I started getting cramps a couple of days later but they weren’t severe and didn’t worry me, I just assumed it was normal for being 38 weeks pregnant. However on the evening of Monday 14th February it suddenly dawned on me that I hadn’t felt a kicks for a day or two.

I called my midwife on Tuesday 15th and arranged to go in for her to listen with the Doppler. She was unable to find his heartbeat and so arranged for me to be scanned. What I already knew deep down was confirmed, Logan’s wee heart had stopped beating. Obviously I knew from the beginning that it could happen, but even knowing that can’t prepare you for it. I honestly believed because we were so close, that I would get to meet him alive.

As I had to be induced I was given my first tablet there and then and asked to come back in the next morning. I arrived at 9am and was given time to settle in along with some tea and toast before the procedure was started at 10:30am. Four pessaries and 12 hours later it was 10:30pm and not much was happening, I was only 1.5cms dilated. Everything happened pretty quickly after that though and Logan was delivered at 4:06am weighing 3lbs11oz. I didn’t think it was possible to experience a love like it.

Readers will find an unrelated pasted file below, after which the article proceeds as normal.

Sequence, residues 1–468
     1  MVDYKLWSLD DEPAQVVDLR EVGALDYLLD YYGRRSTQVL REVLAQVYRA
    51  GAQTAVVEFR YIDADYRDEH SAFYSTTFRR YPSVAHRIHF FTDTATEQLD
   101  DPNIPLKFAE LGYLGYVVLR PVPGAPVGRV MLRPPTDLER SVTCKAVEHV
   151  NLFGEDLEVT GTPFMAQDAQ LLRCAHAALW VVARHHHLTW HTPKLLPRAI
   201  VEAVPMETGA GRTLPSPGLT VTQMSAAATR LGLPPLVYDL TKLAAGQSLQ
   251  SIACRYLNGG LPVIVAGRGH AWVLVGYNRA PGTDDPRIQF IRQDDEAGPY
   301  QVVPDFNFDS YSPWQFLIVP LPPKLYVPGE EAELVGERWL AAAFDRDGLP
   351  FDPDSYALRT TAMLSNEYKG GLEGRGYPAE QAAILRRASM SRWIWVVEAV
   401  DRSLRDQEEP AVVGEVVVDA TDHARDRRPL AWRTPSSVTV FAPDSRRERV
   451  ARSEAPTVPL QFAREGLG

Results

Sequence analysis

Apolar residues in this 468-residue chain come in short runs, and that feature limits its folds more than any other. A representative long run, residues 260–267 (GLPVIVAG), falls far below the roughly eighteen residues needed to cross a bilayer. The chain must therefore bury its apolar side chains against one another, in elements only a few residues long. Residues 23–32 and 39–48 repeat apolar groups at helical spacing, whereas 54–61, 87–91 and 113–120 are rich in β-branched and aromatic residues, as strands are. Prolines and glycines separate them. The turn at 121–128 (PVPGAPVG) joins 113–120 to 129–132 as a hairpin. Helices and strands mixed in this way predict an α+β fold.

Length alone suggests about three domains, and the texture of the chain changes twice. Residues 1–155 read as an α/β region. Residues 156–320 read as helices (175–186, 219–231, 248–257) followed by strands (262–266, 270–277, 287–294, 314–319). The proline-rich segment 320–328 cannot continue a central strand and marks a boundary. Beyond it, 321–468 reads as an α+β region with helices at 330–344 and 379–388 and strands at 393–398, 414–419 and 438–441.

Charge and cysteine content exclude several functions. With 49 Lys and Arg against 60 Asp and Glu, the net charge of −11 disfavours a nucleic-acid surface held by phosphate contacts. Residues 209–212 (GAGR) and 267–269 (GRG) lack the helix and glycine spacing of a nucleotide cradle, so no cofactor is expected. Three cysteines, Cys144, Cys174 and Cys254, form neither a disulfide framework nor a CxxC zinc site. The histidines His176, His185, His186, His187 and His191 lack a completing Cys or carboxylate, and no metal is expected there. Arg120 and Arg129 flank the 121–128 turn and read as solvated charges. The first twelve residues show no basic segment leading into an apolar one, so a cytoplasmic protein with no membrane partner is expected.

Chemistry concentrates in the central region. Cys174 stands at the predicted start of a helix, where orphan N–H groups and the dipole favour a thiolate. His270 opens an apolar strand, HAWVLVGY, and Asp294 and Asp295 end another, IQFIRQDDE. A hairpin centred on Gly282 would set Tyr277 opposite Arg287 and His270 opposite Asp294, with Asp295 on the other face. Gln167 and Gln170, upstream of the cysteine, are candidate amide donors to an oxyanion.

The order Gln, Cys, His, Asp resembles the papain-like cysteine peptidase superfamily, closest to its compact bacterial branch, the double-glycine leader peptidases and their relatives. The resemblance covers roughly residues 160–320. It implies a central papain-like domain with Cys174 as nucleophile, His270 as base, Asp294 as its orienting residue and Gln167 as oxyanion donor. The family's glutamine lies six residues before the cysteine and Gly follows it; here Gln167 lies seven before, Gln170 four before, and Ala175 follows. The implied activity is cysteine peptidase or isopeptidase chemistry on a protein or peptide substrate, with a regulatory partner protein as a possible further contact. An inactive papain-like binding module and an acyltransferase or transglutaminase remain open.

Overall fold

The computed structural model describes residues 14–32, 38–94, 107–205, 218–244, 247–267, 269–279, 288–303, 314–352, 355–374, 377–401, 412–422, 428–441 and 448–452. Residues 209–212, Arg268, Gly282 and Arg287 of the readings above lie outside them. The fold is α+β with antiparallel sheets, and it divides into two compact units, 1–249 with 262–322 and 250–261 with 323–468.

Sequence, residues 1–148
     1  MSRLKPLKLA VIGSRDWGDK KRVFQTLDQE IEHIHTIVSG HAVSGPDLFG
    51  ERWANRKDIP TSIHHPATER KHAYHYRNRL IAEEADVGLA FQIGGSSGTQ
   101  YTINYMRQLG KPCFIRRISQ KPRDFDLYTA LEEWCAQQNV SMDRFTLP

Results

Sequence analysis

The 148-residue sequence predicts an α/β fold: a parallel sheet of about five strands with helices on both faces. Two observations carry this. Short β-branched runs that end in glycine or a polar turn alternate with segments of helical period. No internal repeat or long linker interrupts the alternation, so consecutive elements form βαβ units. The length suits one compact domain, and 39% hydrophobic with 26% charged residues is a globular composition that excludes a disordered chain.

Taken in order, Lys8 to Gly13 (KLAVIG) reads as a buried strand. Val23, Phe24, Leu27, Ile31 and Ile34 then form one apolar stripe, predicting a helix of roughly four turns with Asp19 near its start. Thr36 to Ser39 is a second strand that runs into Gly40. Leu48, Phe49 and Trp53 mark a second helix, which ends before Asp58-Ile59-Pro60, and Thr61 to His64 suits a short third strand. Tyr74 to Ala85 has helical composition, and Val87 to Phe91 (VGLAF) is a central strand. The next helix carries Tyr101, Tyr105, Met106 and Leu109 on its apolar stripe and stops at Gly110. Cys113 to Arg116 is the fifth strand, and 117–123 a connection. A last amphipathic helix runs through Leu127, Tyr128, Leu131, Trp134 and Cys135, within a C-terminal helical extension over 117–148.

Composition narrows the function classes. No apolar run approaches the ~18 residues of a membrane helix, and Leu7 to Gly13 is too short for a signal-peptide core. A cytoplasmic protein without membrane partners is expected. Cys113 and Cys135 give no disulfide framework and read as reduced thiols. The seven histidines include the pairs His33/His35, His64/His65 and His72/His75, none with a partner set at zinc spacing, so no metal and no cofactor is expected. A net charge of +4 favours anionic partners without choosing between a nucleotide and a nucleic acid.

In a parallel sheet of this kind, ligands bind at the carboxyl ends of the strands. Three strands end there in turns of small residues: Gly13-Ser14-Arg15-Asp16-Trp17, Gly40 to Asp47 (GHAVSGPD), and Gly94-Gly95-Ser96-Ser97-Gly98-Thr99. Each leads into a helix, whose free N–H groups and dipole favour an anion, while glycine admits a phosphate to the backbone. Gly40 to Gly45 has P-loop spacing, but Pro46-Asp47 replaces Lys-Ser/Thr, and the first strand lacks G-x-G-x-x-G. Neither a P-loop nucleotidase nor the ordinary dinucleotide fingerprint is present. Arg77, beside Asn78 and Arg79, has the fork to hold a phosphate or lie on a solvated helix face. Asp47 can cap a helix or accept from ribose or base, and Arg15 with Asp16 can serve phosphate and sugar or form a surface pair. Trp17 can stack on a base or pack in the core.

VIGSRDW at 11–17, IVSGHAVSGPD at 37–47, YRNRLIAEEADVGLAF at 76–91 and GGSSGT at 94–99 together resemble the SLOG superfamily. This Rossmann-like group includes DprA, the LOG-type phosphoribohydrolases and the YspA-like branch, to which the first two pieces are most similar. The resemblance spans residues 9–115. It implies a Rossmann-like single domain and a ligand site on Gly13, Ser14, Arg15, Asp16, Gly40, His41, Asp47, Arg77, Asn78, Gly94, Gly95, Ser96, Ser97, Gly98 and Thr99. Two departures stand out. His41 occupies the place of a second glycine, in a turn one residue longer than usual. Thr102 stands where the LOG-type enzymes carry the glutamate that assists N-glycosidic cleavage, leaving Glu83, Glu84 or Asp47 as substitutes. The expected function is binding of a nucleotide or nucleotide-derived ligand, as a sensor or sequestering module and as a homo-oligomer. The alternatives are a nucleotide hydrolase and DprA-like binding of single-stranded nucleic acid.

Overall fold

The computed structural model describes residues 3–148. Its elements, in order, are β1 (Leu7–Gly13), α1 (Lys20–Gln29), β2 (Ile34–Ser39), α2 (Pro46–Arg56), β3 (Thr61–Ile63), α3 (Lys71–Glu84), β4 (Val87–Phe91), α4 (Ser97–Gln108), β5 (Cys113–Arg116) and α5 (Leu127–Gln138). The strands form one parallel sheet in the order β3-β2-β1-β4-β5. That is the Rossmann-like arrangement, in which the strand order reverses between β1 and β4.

The hospital staff were amazing and so compassionate and respectful. I was allowed as much time with Logan as I wanted and so some friends and family came to meet him and we had pictures taken.

I decided to have Logan’s funeral on 26th February because that was his due date. I had already picked some poems and songs beforehand so it was just a case of bringing it all together. Around 50 people came and I was very touched that both Demi and Liz were there to celebrate his short life. I have always been quite a positive person and so I tried to take every positive from my experience with Logan.

I am extremely thankful that I had the chance to carry such a fragile soul for 38 weeks. His existence has allowed me to meet so many wonderful people whose paths I may never have crossed otherwise. My life has changed for the better and I am so grateful to him for everything.


Created: 30/09/2020 11:55